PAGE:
Let X be the number of bases that accepted more than votes Then X is modeled by the Binomial Distribution Hence the expected number of ‘accepted bases’ is The above calculation is for one basis k-tuple chosen in the image. It increases linearly with the number of image k-tuples (bases) examined and with the number of models M in the data base

The probability to score 0.6 m votes. In the table one can see some typical examples for the expect number of ‘random’ bases achieving a 0.6 m vote. (The total number of bins in this case is 7,200) One can see that these numbers are very small.

Coordinate Error Estimation We assume 2-D recognition under affine transformation We assume 2-D recognition under affine transformation We assume that the models can be acquired under ‘ideal’ We assume that the models can be acquired under ‘ideal’ circumstances (e.g. from a CAD model), hence the preprocessing step is noiseless circumstances (e.g. from a CAD model), hence the preprocessing step is noiseless In the recognition step, image coordinates of interest points are measured and are represented by 2-D vectors In the recognition step, image coordinates of interest points are measured and are represented by 2-D vectors We may define a norm on this 2-D vector space. We will We may define a norm on this 2-D vector space. We will usually use either the Euclidean or the maximum usually use either the Euclidean or the maximum coordinate norm. Assume that image point measurements introduce an error of at most in the given norm. coordinate norm. Assume that image point measurements introduce an error of at most in the given norm.

The computation of the coordinates of an interest point The computation of the coordinates of an interest point in the affine basis (a,b,c) can be formulated as a solution of the linear system of 2 equations in 2 unknowns Ax=d in the affine basis (a,b,c) can be formulated as a solution of the linear system of 2 equations in 2 unknowns Ax=d If a is the origin of the affine basis triplet, then the two columns of the matrix are the difference vectors of the basis interest points b-a and c-a respectively, and the free vector is If a is the origin of the affine basis triplet, then the two columns of the matrix are the difference vectors of the basis interest points b-a and c-a respectively, and the free vector is These vectors are represented in image coordinates, while the solution vector x gives the representation of the point in the affine basis (a,b,c) coordinates These vectors are represented in image coordinates, while the solution vector x gives the representation of the point in the affine basis (a,b,c) coordinates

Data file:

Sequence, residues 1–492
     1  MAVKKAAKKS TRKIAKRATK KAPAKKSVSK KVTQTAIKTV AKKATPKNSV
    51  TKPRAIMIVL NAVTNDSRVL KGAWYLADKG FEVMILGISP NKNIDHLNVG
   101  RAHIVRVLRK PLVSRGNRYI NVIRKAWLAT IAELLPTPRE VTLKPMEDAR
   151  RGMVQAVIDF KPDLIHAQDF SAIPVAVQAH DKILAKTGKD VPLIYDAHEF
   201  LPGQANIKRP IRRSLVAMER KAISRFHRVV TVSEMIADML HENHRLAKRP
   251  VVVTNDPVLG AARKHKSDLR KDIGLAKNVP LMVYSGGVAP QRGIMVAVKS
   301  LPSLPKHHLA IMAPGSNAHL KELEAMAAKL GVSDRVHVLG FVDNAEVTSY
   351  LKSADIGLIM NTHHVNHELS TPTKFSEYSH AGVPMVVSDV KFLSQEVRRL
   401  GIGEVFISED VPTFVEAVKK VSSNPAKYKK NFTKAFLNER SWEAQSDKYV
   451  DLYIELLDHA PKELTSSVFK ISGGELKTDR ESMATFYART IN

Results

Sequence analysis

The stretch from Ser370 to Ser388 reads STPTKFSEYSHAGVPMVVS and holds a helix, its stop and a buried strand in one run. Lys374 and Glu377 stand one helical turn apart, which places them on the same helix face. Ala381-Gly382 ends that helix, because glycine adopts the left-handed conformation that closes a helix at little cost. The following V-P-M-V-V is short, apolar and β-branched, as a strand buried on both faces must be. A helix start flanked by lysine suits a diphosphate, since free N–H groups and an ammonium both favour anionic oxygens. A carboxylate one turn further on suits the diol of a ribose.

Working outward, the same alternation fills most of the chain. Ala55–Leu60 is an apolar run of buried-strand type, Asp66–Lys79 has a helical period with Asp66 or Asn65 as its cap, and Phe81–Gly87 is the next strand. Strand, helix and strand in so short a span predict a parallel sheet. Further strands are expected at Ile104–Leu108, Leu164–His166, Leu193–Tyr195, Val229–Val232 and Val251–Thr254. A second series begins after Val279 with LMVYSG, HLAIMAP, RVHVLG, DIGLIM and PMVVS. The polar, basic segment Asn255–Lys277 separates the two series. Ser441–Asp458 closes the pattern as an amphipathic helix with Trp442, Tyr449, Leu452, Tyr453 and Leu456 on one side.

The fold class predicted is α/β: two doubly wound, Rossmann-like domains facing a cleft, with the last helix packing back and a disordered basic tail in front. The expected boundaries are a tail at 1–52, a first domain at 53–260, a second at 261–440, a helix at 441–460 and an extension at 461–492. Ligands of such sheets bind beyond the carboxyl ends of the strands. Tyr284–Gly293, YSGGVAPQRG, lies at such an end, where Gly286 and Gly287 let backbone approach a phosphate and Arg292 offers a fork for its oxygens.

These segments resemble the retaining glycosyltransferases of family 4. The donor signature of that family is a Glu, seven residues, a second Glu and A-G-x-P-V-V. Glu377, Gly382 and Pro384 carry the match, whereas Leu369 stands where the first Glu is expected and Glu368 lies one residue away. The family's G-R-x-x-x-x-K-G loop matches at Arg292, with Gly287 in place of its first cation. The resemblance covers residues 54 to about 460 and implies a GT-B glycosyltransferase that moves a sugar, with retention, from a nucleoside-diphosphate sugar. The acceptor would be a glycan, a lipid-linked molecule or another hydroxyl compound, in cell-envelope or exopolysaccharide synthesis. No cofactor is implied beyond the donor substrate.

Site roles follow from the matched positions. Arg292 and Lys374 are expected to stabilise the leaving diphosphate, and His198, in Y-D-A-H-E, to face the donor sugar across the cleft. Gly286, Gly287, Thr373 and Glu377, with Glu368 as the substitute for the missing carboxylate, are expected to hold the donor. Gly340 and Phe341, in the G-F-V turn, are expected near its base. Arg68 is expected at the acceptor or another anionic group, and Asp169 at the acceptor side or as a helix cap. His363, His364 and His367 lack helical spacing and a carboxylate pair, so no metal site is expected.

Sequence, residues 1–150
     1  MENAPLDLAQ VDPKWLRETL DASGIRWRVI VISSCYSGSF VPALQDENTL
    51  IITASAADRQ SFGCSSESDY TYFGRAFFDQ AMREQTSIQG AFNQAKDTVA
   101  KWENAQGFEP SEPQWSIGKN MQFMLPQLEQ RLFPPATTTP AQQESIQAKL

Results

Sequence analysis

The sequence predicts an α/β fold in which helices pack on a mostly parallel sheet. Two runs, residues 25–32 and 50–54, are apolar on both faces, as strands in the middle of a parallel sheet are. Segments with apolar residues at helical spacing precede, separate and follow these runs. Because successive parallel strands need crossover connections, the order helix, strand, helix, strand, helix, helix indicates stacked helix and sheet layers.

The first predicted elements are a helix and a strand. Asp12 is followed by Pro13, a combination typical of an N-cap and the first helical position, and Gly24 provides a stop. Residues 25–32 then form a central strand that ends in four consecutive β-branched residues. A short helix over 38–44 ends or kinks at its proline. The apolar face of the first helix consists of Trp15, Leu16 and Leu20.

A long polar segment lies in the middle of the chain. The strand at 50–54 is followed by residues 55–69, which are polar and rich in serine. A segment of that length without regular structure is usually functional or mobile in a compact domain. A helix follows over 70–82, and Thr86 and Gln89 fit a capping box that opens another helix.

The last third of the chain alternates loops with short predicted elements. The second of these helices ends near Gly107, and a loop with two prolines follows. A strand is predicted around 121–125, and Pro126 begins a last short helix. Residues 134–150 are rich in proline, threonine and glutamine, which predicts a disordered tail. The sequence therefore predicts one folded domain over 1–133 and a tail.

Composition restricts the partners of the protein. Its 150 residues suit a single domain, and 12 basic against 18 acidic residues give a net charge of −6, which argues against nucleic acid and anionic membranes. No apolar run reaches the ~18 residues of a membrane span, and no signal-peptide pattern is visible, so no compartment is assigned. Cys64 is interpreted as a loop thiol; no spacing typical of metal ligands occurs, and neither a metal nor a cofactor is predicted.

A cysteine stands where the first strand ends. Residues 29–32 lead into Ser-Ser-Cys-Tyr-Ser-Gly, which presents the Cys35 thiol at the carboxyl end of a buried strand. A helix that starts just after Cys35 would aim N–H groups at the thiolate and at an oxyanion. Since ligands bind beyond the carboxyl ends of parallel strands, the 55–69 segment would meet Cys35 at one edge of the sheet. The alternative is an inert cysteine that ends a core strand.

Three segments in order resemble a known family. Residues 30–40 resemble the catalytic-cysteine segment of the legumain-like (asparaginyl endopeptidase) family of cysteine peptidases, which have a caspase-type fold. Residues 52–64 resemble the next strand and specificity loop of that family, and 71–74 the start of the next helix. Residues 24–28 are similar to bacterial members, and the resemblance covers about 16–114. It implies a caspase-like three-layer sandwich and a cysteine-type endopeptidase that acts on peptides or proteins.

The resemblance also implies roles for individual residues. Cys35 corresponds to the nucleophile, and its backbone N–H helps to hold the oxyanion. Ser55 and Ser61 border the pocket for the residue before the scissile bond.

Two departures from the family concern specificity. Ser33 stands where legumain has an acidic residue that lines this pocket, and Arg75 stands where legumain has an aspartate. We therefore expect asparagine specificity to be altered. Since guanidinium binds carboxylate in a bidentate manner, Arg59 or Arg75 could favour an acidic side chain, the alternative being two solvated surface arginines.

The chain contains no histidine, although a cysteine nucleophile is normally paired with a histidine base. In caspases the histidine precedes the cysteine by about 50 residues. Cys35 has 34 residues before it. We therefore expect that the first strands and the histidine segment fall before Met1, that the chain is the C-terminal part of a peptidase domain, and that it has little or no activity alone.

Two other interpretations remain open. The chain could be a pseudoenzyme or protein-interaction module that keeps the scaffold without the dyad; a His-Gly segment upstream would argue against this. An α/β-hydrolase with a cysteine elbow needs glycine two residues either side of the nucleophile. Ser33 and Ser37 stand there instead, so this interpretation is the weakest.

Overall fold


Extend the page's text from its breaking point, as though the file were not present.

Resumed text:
Taking the errors into account, our task can be formulated as the solution of the following linear system: where and,are the errors of the matrix A and the vectors x and d respectively By the nature of our point measurements, we may assume that the absolute values of entries of the matrix and the vector are less than some given measurement error Note that (e.g. Golub) where is the condition number of the matrix A The above inequality holds for any vector norm and its appropriate matrix norm.

The above inequality gives an estimate of the maximal relative error which can be introduced by the image measurement noise into the coordinates of the hash- table address x The above inequality gives an estimate of the maximal relative error which can be introduced by the image measurement noise into the coordinates of the hash- table address x Hence, the voting procedure reflects this noise: Hence, the voting procedure reflects this noise: For an address x all the bins with addresses in the of x participate in the voting. of x participate in the voting. This ensures that votes for a correct model basis are This ensures that votes for a correct model basis are not missed due to noise not missed due to noise In practice, tighter bounds usually apply In practice, tighter bounds usually apply

Since appropriate voting bins for each address can be Since appropriate voting bins for each address can be evaluated in advance, we do not expect a correct basis triplet to achieve less votes than the corresponding number of unoccluded model points evaluated in advance, we do not expect a correct basis triplet to achieve less votes than the corresponding number of unoccluded model points There still remains the possibility of a ‘random’ basis- triplet achieving a large number of votes. There still remains the possibility of a ‘random’ basis- triplet achieving a large number of votes. Such a ‘wrong’ candidate will be discovered by two verification procedures that are incorporated in the algorithm Such a ‘wrong’ candidate will be discovered by two verification procedures that are incorporated in the algorithm Although ‘wrong’ candidates will be discovered in the Although ‘wrong’ candidates will be discovered in the verification step and discarded, we would still like to show verification step and discarded, we would still like to show that the probability of a ‘random’ configuration to get a high vote is small that the probability of a ‘random’ configuration to get a high vote is small See simulation results next See simulation results next